Feed the Future
This project is part of the U.S. Government's global hunger and food security initiative.

Soy-Blended Complementary Food Could Prevent Childhood Stunting and Improve Nutrition in Northern Ghana

The first 1,000 days of a child’s life is a critical window for nutrition. When infants begin to transition from breastfeeding to solid foods at six months, they require additional nutrients, including more protein. If these nutrition needs are not met, malnutrition at this stage can have lifelong consequences on a child’s cognitive and physical development. Typically, from six months onwards, the nutritional needs of growing infants are filled by weaning or complementary foods which complement breast milk’s nutrients. However, in developing countries, there is overdependence on cereal-based foods that don’t deliver enough essential nutrients to a child.

Photo: Orange-fleshed sweet potato.

Feed the Future, the U.S. Government’s Global Hunger and Food Security Initiative, identifies Ghana as a focus country for development efforts. Compared with the southern half of the country, northern Ghana experiences significantly higher rates of malnutrition and poverty. The 2003, 2008 and 2015 Ghana Demographic and Health Survey Reports found that 30 to 39 percent of children under five are severely stunted in the Northern, Upper East and Upper West Regions. In 2017, the Feed the Future Innovation Lab for Soybean Value Chain Research (Soybean Innovation Lab, SIL) will assess the acceptability and feasibility of a soy-blend complementary food in northern Ghana to support efforts to introduce sustainable early childhood nutrition to the region.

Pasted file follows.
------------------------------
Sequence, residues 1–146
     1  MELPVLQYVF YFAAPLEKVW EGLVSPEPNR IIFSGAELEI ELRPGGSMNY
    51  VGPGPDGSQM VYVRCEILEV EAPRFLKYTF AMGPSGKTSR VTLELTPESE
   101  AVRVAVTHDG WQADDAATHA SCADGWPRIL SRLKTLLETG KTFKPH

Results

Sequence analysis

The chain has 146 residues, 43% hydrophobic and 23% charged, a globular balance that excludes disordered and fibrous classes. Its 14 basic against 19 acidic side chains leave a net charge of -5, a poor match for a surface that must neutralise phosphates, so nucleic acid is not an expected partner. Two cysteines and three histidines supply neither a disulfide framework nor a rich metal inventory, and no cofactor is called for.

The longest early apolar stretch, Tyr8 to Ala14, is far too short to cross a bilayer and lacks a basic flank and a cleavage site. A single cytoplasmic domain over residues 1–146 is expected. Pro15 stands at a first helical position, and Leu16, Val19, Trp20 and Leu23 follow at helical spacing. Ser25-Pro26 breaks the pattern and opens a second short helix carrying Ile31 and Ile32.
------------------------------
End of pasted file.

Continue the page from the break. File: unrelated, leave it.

This study will feature varieties of weaning foods made from soy flour and orange-fleshed sweet potato called ComFa, short for Complementary Food for Africa. The food serves 15 grams of high-quality protein, exceeding the minimum daily requirement for infants under one year old. The orange-fleshed sweet potato adds vitamin A, for which northern Ghana is oftentimes deficient. The study will test four different varieties of this food, each with different ingredients: anchovies (called Keta school boys in Ghana), dried moringa (a green-leaved plant high in protein and iron), groundnut and maize.

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